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Temperature Control in Large Enclosed Spaces

Wed, 11/18/2009 - 9:58am
Marc Dugré, President, Regulvar

Temperature control in large enclosed spaces - such as goods warehouses or aircraft hangars – presents a huge challenge to conventional technologies. As such, this type of environment is very expensive to heat or cool and uncomfortable to work in. Innovative wireless technology can provide the answer.

A harsh environment for man and machine

The North American distribution center at Brossard, Quebec, Canada is the largest such IKEA facility worldwide. Consisting of four warehouses, with the largest one covering an area of 300 x 200 meters (or 1000 x 600 feet), it serves the whole of Canada and Eastern United States. With virtually no interior walls, and with a layout subject to frequent change, conventionally wiring such a building presents huge difficulties – many miles of wiring would have to be pulled in an expensive, disruptive and time-consuming effort to connect all the temperature sensors needed for efficient climate control. Once done, it would be virtually impossible to restructure space in keeping with IKEA’s shifting operational requirements. An ever-changing product mix – with varying packaging dimensions – has to be stocked efficiently, dictating minimal fixed partitioning within the warehouse. For IKEA, the priority was very much on employee comfort and energy saving. Another priority concerns a reduction in the company’s environmental impact and carbon footprint

The intelligent solution

The EnOcean-based and BACnet-based system from Regulvar, using state-of-the-art wireless and batteryless sensors from Thermokon, allows for enhanced energy management through centralized HVAC monitoring and control. It also switches to the most economically viable form of energy depending upon the time of day (be it gas or electricity, or night-time storage heating). Installation of the maintenance-free system took just a few days and did not hamper normal operations at the facility. A network of sensors, receivers and repeaters, often placed atop metal structures and sometimes spanning distances of up to 70 meters/200 feet, reliablytransfers data despite the huge amount of metal present in the building (mainly as storage racks). The low ambient light levels have no negative impact upon the solar-powered thermostats, with the temperature sensors dependably bridging distances of up to 40 meters or 100 feet to their receivers despite the huge number of metal structures – a harsh environment for wireless devices.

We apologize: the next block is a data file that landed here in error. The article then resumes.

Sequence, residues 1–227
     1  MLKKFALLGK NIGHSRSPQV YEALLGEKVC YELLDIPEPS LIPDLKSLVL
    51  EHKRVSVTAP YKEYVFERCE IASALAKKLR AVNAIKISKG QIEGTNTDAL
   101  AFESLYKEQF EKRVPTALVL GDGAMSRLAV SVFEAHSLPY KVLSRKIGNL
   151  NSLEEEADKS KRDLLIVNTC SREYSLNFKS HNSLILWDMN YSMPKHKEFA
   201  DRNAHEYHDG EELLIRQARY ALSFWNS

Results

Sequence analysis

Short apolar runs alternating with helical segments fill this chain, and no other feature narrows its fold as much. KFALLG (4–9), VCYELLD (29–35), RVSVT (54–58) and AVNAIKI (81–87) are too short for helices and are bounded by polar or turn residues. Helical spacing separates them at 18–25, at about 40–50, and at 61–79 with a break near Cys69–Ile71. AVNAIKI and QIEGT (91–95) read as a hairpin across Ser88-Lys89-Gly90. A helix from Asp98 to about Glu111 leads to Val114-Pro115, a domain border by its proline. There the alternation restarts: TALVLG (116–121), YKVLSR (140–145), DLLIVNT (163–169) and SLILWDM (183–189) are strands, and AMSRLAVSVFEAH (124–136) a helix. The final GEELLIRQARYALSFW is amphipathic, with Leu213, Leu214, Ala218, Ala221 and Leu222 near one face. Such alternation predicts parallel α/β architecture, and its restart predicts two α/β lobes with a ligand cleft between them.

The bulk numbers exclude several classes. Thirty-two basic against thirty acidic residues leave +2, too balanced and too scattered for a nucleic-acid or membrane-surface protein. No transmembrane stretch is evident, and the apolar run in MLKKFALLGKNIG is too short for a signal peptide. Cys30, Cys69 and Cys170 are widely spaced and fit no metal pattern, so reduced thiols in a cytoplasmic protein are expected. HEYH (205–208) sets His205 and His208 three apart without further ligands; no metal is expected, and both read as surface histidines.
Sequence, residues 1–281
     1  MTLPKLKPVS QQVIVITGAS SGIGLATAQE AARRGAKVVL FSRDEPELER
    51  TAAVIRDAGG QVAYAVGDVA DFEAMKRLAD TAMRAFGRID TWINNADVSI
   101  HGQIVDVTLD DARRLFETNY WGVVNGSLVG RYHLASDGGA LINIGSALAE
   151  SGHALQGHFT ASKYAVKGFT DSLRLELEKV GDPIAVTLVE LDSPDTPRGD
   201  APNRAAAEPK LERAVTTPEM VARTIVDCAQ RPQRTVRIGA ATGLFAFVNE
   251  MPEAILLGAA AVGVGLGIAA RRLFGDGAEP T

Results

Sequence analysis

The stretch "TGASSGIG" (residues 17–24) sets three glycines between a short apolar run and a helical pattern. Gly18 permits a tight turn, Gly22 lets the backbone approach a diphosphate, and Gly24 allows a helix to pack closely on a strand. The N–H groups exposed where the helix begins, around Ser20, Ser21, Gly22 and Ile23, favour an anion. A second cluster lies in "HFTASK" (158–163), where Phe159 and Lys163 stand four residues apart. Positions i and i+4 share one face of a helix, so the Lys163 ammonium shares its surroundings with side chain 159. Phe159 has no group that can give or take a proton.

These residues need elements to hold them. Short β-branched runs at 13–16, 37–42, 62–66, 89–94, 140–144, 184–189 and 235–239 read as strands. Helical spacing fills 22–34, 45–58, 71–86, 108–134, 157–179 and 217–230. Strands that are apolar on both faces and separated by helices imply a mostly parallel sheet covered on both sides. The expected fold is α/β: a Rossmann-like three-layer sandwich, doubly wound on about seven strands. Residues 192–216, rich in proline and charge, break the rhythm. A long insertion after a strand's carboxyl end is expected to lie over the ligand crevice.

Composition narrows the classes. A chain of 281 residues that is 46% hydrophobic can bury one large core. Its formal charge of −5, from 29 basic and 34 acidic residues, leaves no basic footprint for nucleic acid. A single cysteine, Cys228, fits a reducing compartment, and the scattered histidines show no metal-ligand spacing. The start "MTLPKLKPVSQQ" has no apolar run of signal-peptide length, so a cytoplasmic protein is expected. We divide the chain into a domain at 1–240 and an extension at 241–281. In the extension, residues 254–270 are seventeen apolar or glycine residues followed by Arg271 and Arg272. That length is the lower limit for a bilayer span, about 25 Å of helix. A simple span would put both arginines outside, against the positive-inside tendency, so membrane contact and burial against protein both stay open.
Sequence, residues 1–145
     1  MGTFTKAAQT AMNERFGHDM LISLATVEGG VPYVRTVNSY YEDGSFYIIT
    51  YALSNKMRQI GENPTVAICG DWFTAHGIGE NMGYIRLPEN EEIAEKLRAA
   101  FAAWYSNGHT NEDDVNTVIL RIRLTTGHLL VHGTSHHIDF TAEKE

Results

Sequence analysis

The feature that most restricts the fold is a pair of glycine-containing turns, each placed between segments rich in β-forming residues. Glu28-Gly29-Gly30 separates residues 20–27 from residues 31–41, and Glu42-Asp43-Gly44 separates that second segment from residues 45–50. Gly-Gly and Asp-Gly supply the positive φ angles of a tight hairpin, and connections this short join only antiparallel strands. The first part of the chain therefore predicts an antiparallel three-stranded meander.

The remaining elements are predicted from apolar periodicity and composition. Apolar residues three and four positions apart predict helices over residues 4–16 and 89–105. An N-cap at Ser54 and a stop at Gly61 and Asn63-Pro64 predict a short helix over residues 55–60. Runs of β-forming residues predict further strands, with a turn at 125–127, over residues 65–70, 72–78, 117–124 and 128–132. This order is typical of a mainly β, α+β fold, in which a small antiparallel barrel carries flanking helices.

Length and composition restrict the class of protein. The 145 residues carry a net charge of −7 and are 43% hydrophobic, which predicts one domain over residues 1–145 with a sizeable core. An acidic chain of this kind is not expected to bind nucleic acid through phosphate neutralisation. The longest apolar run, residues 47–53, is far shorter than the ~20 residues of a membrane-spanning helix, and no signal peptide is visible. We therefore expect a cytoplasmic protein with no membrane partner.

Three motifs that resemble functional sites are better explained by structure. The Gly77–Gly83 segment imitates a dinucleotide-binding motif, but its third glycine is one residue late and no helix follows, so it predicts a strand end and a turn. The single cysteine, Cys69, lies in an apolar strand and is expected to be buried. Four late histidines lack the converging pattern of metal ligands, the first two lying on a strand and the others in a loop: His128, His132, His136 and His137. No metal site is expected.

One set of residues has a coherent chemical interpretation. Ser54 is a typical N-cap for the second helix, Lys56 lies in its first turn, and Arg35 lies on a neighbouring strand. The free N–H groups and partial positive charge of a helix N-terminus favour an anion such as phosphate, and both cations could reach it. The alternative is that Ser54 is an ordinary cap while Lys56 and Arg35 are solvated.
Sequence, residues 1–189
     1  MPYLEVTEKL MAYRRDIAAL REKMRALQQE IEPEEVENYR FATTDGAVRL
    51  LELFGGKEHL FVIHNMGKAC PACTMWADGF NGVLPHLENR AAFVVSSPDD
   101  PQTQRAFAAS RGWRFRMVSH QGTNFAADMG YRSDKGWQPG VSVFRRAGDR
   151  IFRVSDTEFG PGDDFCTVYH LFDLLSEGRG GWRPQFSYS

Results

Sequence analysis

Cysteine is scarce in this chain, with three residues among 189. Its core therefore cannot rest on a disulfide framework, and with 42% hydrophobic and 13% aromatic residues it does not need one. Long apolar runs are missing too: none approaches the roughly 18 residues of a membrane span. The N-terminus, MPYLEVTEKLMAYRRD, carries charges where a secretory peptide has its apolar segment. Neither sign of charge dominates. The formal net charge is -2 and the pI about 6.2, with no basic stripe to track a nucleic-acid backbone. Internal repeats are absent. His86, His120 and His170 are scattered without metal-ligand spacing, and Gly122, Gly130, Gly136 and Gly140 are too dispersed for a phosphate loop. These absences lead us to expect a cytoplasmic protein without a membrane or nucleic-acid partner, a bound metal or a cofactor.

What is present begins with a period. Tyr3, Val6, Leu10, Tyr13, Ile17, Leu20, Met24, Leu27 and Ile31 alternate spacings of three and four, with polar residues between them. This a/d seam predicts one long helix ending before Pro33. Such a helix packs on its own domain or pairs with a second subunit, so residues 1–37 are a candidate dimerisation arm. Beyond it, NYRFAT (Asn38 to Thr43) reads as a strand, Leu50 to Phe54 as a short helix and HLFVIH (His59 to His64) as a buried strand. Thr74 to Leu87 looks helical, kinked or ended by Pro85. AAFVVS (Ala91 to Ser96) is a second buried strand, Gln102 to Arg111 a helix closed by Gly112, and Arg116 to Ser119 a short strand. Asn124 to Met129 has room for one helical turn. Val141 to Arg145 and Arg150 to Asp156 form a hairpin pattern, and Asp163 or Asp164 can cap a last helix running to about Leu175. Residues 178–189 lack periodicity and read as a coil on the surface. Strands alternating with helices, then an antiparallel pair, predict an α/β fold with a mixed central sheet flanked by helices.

“We’re delighted with the way the system was installed. We hardly noticed the work being done, and our people are really happy about the clear improvement in temperature comfort. As a company, of course we appreciate the big saving in energy cost and we’re proud about making such a relatively small impact on the environment despite the size of our warehouse complex here in Quebec”, says Jean Nolin, Facility Manager at IKEA in Brossard.

 

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